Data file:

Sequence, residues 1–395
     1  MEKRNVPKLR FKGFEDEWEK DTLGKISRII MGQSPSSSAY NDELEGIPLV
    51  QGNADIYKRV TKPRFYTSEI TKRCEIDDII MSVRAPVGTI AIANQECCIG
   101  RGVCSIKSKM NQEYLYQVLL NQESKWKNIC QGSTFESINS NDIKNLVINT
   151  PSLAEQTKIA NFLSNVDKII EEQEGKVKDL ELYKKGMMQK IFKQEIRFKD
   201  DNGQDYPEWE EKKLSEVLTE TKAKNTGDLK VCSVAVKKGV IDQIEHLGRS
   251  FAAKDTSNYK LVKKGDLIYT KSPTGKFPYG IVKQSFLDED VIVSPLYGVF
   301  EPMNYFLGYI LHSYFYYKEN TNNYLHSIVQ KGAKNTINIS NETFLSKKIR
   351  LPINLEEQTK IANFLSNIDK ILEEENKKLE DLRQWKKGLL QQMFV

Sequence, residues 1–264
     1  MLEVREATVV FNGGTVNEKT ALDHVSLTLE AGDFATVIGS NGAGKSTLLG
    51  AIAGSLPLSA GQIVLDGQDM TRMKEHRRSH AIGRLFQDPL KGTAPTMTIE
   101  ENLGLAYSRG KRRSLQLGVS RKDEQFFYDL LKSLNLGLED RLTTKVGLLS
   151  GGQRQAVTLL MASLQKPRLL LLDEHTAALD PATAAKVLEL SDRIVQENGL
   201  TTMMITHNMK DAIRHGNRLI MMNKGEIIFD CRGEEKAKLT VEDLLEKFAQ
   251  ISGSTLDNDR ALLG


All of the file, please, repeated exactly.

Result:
Sequence, residues 1–395
     1  MEKRNVPKLR FKGFEDEWEK DTLGKISRII MGQSPSSSAY NDELEGIPLV
    51  QGNADIYKRV TKPRFYTSEI TKRCEIDDII MSVRAPVGTI AIANQECCIG
   101  RGVCSIKSKM NQEYLYQVLL NQESKWKNIC QGSTFESINS NDIKNLVINT
   151  PSLAEQTKIA NFLSNVDKII EEQEGKVKDL ELYKKGMMQK IFKQEIRFKD
   201  DNGQDYPEWE EKKLSEVLTE TKAKNTGDLK VCSVAVKKGV IDQIEHLGRS
   251  FAAKDTSNYK LVKKGDLIYT KSPTGKFPYG IVKQSFLDED VIVSPLYGVF
   301  EPMNYFLGYI LHSYFYYKEN TNNYLHSIVQ KGAKNTINIS NETFLSKKIR
   351  LPINLEEQTK IANFLSNIDK ILEEENKKLE DLRQWKKGLL QQMFV

Sequence, residues 1–264
     1  MLEVREATVV FNGGTVNEKT ALDHVSLTLE AGDFATVIGS NGAGKSTLLG
    51  AIAGSLPLSA GQIVLDGQDM TRMKEHRRSH AIGRLFQDPL KGTAPTMTIE
   101  ENLGLAYSRG KRRSLQLGVS RKDEQFFYDL LKSLNLGLED RLTTKVGLLS
   151  GGQRQAVTLL MASLQKPRLL LLDEHTAALD PATAAKVLEL SDRIVQENGL
   201  TTMMITHNMK DAIRHGNRLI MMNKGEIIFD CRGEEKAKLT VEDLLEKFAQ
   251  ISGSTLDNDR ALLG